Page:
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How does Poland decide that you're a resident for tax purposes?

6 Jun 2023 #1
I'm a US-Polish dual citizen with a remote job in tech planning to move to Europe in September. My startup is based in both Sweden and the US, and my employer is very willing to let me live and work in Europe, especially since I won't need a visa to do so. I'm interested in potentially moving to Poland at the beginning for a short while (ideally 8 - 10 months) because I miss it dearly and I'd love to improve my Polish. In fact, I already have a plane ticket to London for early September and can potentially move anywhere in the EU from there. The problem is, I desperately want to avoid paying Polish taxes, as it will cost me around $13,000 more per year than what I pay now. I understand that someone is considered a resident for tax purposes after being in Poland for 6 months. The 2023 tax year shouldn't be a problem, as I'll only be in Poland for about 4 months, but what about 2024? I'm not trying to evade the Polish tax system here or do anything illegal. I'm just concerned because I've heard that leases in Poland are usually a minimum of 12 months. I don't mind living in a different country and paying double rent for a few months at the end of the lease (let's say June-August 2024 if I sign a lease that ends by September 2024). But how does Polish law establish someone's tax residency? I'd hope the government doesn't equate having a lease and paying rent with residency if I'm not physically present in Poland for more than 6 months in 2024. Any advice or insight here would be greatly appreciated!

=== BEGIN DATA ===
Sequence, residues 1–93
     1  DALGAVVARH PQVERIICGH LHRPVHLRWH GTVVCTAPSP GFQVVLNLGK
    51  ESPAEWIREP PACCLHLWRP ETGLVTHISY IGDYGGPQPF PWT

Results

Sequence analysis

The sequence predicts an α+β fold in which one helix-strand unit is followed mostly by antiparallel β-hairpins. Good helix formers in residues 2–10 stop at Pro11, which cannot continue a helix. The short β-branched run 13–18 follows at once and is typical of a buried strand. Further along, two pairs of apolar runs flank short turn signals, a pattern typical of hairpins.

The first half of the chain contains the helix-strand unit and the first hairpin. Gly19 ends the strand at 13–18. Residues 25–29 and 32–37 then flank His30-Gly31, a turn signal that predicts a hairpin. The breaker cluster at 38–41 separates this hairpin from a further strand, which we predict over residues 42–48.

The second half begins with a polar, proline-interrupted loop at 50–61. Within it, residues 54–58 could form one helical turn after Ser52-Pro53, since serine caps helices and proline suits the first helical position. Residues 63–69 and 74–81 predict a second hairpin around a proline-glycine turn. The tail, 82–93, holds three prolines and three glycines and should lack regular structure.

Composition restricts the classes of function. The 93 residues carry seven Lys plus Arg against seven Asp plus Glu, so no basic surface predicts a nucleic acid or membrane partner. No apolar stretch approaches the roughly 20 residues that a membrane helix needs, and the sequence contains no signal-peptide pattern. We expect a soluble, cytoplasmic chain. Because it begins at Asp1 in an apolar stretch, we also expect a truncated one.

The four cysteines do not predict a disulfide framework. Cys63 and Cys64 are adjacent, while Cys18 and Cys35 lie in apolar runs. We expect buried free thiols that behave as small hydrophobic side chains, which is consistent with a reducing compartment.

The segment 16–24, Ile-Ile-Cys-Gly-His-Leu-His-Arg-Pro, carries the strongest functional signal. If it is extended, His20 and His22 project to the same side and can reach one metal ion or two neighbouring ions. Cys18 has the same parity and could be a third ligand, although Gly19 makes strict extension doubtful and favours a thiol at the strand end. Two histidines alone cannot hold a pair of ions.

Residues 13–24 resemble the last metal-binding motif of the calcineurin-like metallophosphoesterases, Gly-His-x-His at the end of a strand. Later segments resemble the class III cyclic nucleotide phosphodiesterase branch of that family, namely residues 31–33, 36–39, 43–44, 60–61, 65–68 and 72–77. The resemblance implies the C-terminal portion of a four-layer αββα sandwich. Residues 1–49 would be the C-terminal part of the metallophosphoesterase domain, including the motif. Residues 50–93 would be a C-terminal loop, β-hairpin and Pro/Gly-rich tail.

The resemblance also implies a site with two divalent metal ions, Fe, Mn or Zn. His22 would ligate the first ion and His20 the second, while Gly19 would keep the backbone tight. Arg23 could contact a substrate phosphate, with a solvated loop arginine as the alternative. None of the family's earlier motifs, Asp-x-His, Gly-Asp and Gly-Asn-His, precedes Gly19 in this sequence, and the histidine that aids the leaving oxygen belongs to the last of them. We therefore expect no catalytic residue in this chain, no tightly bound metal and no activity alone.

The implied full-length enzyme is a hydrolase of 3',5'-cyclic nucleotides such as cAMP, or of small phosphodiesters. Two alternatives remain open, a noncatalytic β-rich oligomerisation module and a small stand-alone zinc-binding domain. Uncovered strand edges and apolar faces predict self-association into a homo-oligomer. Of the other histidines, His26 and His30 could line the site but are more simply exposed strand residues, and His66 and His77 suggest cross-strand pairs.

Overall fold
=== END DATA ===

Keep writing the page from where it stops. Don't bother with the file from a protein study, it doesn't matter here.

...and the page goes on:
9 Jun 2023 #2
I'm not a tax expert, but I can provide some general information that may be helpful to you. When it comes to determining tax residency in Poland, it's usually based on the concept of "center of vital interests." This means that if Poland is the country where you have your main personal and economic ties, you may be considered a tax resident there.

While the duration of your stay in Poland is a factor, it's not the only one. Other factors, such as family ties, social connections, and the location of your primary residence, can also be taken into consideration. The exact criteria used to determine tax residency can vary, and it's important to consult with a tax professional or accountant who is knowledgeable about both US and Polish tax laws to get accurate and up-to-date information.

Leasing a property in Poland alone may not automatically establish tax residency, but it can be a contributing factor. If you're concerned about potential tax implications, you should consider consulting with a tax professional who can provide personalized advice based on your specific circumstances and the applicable tax laws.

It's also worth noting that tax laws and regulations can change over time, so staying informed about any updates or changes in the tax legislation of both Poland and the US is crucial to ensure compliance and make informed decisions.

Again, I strongly recommend consulting with a tax professional or accountant who specializes in international taxation to get the most accurate and relevant advice for your situation.

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